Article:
A few years later in a college film class, I had the opportunity to visit with Marc Thorpe who was a model maker from ILM and a guest speaker for our class that day. Marc didn’t work on Star Wars, but was hired to work on The Empire Strikes Back. I told him about finding the Death Star and that I was told that it was destroyed in the filming of the movie. He told me that he thought the model I had found was the real special effects model used for the movie and the information I had received was incorrect.

Fast forward to 1994, where I was visiting with my brother Pat and our friend Tim Williams at the kitchen (round) table. I told them I was thinking about contacting the owner of Star World to see if he would be interested in selling the Death Star, since the theater had just closed for business.

They helped convince me to make the call, when they agreed to split the cost three ways if he decided to sell it. I called the theater owner and sure enough he wanted to sell and we agreed on a price right there over the phone.

The next morning, Dad and I picked up the Death Star. I wondered what people thought as we drove down the highway with the ultimate battle station strapped in the back of a pickup truck. Good thing dad owned a black truck to go along with the whole Empire theme!

The second week of February in 1994 was an amazing time for me as I had just got engaged to a wonderful girl and became co-owner of one the most important props in movie history!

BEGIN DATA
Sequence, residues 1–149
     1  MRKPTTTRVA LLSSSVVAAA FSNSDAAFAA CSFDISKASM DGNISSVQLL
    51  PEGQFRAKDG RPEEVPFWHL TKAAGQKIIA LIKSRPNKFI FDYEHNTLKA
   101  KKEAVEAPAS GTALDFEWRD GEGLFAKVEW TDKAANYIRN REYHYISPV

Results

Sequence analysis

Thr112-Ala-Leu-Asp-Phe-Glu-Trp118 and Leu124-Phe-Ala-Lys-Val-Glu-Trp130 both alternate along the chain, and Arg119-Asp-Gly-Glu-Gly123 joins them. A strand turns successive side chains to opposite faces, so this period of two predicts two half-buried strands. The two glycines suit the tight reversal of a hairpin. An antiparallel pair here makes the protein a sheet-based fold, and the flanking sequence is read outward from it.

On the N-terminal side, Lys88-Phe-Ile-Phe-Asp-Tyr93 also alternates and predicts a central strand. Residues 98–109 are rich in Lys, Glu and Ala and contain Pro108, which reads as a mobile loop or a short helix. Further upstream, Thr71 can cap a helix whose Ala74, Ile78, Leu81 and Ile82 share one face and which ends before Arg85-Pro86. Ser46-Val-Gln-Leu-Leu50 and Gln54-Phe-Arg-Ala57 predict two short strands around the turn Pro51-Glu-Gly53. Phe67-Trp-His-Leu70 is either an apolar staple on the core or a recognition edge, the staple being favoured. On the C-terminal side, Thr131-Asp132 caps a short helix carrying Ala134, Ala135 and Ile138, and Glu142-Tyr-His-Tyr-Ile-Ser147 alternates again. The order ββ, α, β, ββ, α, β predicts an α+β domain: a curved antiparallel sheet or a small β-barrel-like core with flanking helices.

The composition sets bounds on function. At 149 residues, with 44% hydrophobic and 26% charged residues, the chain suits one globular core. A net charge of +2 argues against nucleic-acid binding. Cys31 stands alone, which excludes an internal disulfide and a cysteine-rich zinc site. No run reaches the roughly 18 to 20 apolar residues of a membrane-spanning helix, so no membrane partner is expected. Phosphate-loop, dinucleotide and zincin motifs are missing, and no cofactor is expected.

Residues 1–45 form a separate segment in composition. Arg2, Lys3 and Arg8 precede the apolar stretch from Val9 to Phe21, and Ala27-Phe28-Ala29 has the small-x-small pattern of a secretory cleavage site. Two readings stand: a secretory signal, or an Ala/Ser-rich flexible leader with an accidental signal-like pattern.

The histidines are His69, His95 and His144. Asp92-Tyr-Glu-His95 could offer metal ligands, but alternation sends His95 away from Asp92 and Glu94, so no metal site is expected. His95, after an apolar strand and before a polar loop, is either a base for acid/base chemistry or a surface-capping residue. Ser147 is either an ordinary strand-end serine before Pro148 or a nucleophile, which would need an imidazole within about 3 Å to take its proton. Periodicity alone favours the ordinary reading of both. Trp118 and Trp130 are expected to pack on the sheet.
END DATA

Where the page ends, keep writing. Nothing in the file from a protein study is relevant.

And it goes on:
Left to right: Pat Franklin, Todd Franklin and Tim Williams (1994)


Mike Middleton said...

Forget the Death Star. The most impressive artifact in that picture is on top of Pat's head!! That hasn't been seen in a while. Great post!

John Rozum said...

Wow. What a find.

I'm just going to put my old Kenner Death Star playset away now.

I don't know how you're going to top this during the countdown.

Is this the same Death Star that Gus Lopez now owns? I ask because I notice the lack of the laser cannon dish in the final photo, and read an article where he mentioned that the one he has had a stereo speaker replacing the cannon dish.

Shawn Robare said...

That, sir, is pretty damn nifty. It's funny how blasie production companies are with their props. You think they'd realize that there are plenty of people who would be willing to pay for this stuff. I know some studios are dumping lots on eBay now, but still.

Todd Franklin said...

Mike - Ooh, Pat's gonna get you for that!

John - No I won't be able to top this and it's all down hill from here. I almost started out with these posts and then decided it should show up in the middle, just out of the blue.

Yes, we sold it the prop to Gus and he will be doing a guest post on the 16th.

Smurf - You're right. It's so hard to keep track of everything and especially then, before anyone knew of the importance of pieces like this one.

Skrdykat said...

Hey I'm looking for a Tim Williams that I had a fun email correspondence several years ago....we loved all things 60s/70s pop culture and I swear he sent me a pic once of himself in front of the Deathstar...I thought it was a prank~! Tell him Melissa Britton in AR is looking for him on FB. Mention Bruce Campbell...maybe that will jog his memory. Thanks!

Todd Franklin said...

Hi Melissa! I just talked to Tim and of course he remembers you and is looking forward to hearing from you! Click on my profile for my email address and email me a message. I will forward it to Tim. If searching through the hundreds of Tim Williams on Facebook, he'll be the one dressed as a pirate.